A Patient Risk Model of Chemotherapy-Induced Febrile Neutropenia: Lessons Learned From the ANC Study Group

Authors: Gary H. Lyman MD, MPH, FRCP(Edin) a , a and Marek S. Poniewierski MD, MS a
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  • a From Hutchinson Institute for Cancer Outcomes Research, Fred Hutchinson Cancer Research Center, and University of Washington, Seattle, Washington.
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Neutropenia and its complications, including febrile neutropenia (FN), represent major toxicities associated with cancer chemotherapy, resulting in considerable morbidity, mortality, and costs. The myeloid growth factors such as granulocyte colony-stimulating factor (G-CSF) have been shown to reduce the risk of neutropenia complications while enabling safe and effective chemotherapy dose intensity. Concerns about the high costs of these agents along with limited physician adherence to clinical practice guidelines, resulting in both overuse and underuse, has stimulated interest in models for individual patient risk assessment to guide appropriate use of G-CSF. In a model developed and validated by the ANC Study Group, half of patients were classified as high risk and half as low risk based on patient-, disease-, and treatment-related factors. This model has been further validated in an independent patient population. Physician-assessed risk of FN, as well as the decision to use prophylactic CSF, has been shown to correlate poorly with the FN risk estimated by the model. Additional modeling efforts in both adults and children receiving cancer treatment have been reported. Identification of patients at a high individual risk for FN and its consequences may offer the potential for optimal chemotherapy delivery and patient outcomes. Likewise, identification of patients at low risk for neutropenic events may reduce costs when such supportive care is not warranted. This article reviews and summarizes FN modeling studies and the opportunities for personalizing supportive care in patients receiving chemotherapy.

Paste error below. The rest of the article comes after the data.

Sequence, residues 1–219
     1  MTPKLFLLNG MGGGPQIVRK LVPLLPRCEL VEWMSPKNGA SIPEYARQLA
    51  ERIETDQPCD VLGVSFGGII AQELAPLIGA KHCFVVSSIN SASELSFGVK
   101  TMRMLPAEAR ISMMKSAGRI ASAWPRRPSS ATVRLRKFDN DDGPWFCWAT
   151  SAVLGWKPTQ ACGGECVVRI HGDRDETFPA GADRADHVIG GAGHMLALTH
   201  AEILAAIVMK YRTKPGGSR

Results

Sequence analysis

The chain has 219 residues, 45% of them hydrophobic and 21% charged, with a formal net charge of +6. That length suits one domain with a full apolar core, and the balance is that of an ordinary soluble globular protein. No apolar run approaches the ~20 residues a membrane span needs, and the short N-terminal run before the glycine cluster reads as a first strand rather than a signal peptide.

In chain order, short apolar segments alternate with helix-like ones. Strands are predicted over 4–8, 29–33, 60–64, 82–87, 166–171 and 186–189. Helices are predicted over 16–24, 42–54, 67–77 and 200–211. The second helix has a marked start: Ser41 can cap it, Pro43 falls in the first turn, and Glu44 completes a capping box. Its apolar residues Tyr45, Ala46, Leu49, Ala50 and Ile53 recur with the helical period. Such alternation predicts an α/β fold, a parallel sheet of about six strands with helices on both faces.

Correspondence: Gary H. Lyman, MD, MPH, FRCP(Edin), Fred Hutchinson Cancer Research Center, 1100 Fairview Avenue North, Seattle, WA 98109-1024. E-mail: glyman@fredhutch.org

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